Week in Review

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The Supreme Court holds oral arguments in Loper Bright Enterprises v. Raimondo, agrees to hear homeless encampments case, and more…

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  • The U.S. Supreme Court held oral arguments in a case that many experts expect to affect the 1984 case Chevron U.S.A. v. Natural Resources Defense Council, a landmark decision that requires courts to defer to an agency’s reasonable interpretation of federal laws. In the arguments, the justices focused little on the facts of the current case, Loper Bright Enterprises v. Raimondo, which concerns a regulation covering Atlantic herring fishing boats, and they instead discussed the current role of Chevron deference in administrative law. Chief Justice John Roberts said that Chevron might be considered “overruled … in practice,” noting that the Supreme Court has not invoked Chevron deference in several years.
  • The Supreme Court will consider whether local laws that criminalize homeless individuals sleeping in public amount to cruel and unusual punishment. In 2022, the U.S. Court of Appeals for the Ninth Circuit ruled that officials in Grants Pass, Oregon cannot enforce anti-camping ordinances if there are no other places for homeless individuals to go. In a brief, unhoused individuals in Grants Pass argued that because there are no homeless shelters in the city, they are forced to sleep outside, and these ordinances “criminalize their existence.” Officials in other major cities, including Los Angeles and Phoenix, petitioned for the Supreme Court to hear the case. California Governor Gavin Newsom expressed that by overturning the Ninth Circuit ruling, the Supreme Court can support “efforts to clear encampments and deliver services to those in need.” 
  • The U.S. Department of Health and Human Services (HHS) issued a report recommending that the Drug Enforcement Administration reclassify marijuana from Schedule I—used for drugs with no accepted medical use—to Schedule III, which includes drugs with less abuse potential. In its 250-page report, HHS concluded that cannabis may have medical benefits, and though abuse can lead to psychological and physical dependence, it presents less of a risk to users than other Schedule I drugs, such as heroin or MDMA. Some experts raised concerns that the report fails to account for the increasing strength of marijuana, which has been linked to psychiatric issues, especially in adolescents. The Drug Enforcement Administration is considering the recommendation and will open its reclassification decision to public comment.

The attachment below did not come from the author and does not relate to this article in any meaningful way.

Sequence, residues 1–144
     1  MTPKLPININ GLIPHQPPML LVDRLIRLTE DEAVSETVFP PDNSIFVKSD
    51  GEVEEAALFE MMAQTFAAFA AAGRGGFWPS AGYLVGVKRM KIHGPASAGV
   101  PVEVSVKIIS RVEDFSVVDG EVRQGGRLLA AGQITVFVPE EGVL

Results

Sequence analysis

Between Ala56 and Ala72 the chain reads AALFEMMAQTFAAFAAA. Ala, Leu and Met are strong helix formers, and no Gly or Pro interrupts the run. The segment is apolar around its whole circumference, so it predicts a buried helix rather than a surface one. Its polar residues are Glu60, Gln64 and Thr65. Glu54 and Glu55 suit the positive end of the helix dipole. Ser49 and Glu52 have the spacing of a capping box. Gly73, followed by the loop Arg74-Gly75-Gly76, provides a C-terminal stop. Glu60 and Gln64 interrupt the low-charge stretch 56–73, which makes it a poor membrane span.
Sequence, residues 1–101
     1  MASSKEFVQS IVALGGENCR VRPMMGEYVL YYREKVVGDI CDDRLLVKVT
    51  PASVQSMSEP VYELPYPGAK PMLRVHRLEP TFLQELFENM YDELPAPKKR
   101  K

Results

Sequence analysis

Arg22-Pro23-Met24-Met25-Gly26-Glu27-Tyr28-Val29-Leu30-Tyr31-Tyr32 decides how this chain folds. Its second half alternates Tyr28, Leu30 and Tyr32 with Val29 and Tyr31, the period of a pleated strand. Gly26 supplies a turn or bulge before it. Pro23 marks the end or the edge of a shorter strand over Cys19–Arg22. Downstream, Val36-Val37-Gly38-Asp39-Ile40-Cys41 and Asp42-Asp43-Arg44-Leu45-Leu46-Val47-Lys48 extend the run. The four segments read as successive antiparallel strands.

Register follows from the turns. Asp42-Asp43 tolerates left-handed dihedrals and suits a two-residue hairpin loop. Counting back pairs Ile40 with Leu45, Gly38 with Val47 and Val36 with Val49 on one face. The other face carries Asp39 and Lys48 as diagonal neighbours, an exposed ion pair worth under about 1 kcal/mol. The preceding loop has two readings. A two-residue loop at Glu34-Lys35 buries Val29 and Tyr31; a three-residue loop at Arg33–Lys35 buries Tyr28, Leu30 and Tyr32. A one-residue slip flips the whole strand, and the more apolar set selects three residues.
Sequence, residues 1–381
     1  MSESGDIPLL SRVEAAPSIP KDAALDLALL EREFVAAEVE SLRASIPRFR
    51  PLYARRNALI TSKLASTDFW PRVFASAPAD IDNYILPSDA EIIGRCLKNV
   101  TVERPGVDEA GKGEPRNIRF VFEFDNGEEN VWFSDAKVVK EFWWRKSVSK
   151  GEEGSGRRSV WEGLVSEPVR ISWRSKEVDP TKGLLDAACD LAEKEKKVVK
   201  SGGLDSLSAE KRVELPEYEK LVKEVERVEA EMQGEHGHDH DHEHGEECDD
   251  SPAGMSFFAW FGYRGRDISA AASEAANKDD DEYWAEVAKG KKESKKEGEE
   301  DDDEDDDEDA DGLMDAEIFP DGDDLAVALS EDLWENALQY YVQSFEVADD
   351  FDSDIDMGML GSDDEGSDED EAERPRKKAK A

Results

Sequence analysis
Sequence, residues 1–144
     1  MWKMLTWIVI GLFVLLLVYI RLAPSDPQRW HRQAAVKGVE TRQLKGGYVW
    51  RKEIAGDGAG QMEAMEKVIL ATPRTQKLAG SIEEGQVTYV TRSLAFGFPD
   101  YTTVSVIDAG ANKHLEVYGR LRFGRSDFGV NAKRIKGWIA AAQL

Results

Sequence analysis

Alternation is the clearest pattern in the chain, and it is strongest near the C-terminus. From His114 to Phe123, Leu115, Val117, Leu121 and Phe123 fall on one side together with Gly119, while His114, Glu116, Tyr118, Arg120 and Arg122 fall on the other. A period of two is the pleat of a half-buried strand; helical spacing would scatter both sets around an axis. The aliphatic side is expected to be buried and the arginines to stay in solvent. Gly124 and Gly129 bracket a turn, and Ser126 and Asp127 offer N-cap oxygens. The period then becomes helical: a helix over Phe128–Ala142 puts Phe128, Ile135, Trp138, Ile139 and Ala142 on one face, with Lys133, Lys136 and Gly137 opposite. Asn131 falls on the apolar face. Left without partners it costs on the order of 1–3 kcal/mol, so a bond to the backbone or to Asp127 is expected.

• The U.S. Environmental Protection Agency (EPA) issued a proposed rule to reduce methane emissions from the oil and gas industry by fining methane emitters for excess emissions. Starting in 2025, EPA would fine oil and gas producers $900 per ton of methane emitted over the permitted level, and such fines would increase to $1,500 per ton in 2026. EPA Administrator Michael S. Regan explained that the rule is part of a “comprehensive strategy to reduce wasteful methane emissions that endanger communities and fuel the climate crisis.”
  • The Consumer Financial Protection Bureau issued a proposed rule that would change how banks charge consumers overdraft fees when they withdraw more than their account balance. The proposed rule would require increased disclosure from banks to consumers about the impacts of an overdraft, and would limit the fees which banks may charge consumers for an overdraft. Consumer Financial Protection Bureau director Rohit Chapra argued that the proposed rule would “close a longstanding loophole that allowed many large banks to turn overdraft fees into a massive junk fee harvesting machine.”
  • The Federal Communications Commission (FCC) issued a final rule requiring service providers for the newly created federal 988 Suicide and Crisis Lifeline to report outages to the FCC. The reporting requirements are similar to the FCC’s rule for 911 service providers, such that any service provider that can “receive, process, or forward calls” to the 988 hotline must report any outage at least 30 minutes in duration. The rule builds on the Biden Administration’s initiative to address the mental health epidemic in the United States.